MEET AND EAT THE SEA CUCUMBER
Sea cucumbers are echinoderms, a phylum of invertebrates that includes starfish, sand dollars, and sea urchins. Their bodies feature pentaradial symmetry—five cartilaginous bands that run along their length. Most are between 4 and 11 inches long; some can reach nearly 10 feet fully extended.
BY ANY OTHER NAME
In English they are also known as holothurians. The French call them bêche-demer (“spade of the sea”), the Chinese say haishen (“ginseng of the sea,” alluding to their libidoenhancing application), and in the Pacific Islands they’re called trepang, a term that can also refer to harvesting cukes.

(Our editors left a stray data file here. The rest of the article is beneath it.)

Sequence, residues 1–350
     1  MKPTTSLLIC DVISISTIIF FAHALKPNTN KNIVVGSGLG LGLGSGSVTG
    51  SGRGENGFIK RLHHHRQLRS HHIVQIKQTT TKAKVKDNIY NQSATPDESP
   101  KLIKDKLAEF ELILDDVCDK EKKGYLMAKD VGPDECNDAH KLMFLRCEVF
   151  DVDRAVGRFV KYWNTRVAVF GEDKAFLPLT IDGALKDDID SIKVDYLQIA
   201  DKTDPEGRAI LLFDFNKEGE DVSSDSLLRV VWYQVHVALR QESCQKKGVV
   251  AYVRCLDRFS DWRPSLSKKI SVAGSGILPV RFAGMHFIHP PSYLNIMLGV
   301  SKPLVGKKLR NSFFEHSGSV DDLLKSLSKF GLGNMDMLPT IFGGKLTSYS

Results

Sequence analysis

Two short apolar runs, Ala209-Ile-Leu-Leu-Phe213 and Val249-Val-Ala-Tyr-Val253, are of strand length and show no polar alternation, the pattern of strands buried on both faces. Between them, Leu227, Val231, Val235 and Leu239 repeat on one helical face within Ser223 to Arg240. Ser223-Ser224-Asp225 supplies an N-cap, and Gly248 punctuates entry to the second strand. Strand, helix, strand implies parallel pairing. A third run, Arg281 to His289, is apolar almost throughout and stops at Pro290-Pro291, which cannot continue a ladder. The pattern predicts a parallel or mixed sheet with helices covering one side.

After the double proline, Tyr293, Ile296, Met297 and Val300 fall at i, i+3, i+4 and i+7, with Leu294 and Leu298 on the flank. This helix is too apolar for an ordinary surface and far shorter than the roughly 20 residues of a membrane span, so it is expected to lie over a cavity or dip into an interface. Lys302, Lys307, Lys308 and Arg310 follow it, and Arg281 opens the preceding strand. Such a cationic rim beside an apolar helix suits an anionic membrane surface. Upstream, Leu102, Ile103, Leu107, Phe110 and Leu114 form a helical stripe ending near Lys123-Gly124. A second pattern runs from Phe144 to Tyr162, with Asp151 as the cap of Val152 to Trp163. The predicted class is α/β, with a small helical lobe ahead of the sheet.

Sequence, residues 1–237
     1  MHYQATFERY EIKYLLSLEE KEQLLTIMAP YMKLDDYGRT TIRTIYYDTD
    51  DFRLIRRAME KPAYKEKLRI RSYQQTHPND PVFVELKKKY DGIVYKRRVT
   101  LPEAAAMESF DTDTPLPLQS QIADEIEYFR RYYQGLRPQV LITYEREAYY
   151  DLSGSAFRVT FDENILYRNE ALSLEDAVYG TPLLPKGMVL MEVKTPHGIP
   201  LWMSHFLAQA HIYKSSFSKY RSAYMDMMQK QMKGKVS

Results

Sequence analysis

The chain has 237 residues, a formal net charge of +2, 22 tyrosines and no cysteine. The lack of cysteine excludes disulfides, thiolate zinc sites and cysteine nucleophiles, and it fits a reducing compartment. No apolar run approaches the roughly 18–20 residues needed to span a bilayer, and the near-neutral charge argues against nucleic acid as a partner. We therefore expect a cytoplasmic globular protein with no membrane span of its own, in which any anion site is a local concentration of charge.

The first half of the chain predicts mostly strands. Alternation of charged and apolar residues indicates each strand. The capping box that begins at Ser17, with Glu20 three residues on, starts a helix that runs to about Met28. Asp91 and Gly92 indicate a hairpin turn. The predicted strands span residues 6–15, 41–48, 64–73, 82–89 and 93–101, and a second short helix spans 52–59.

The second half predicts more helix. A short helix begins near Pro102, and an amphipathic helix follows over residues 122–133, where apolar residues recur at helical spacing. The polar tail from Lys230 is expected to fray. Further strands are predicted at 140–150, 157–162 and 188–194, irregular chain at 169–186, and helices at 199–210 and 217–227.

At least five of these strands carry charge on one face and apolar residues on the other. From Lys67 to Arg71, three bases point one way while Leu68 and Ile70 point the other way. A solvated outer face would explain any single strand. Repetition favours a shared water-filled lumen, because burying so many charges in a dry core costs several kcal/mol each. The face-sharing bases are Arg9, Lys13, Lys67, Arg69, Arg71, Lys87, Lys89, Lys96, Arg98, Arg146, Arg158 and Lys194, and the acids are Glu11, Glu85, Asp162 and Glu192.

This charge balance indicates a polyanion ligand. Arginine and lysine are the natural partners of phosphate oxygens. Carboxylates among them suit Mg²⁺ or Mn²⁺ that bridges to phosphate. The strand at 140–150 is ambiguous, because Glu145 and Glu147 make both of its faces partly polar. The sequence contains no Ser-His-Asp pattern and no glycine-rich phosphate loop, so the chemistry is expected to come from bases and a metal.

ON THE PLATE
Firm, gelatinous, and mostly flavorless, sea cucumbers are best prepared in dishes where they absorb flavors and provide texture. Unless caught fresh, they can be found at Asian markets whole and dehydrated. Once soaked, they are often sliced and served in soups, braises, or stir-fries all across Asia.
When threatened, many sea cucumbers will violently contract their bodies, ejecting their internal organs into the water to navigate an escape. Thankfully, their absent innards regenerate.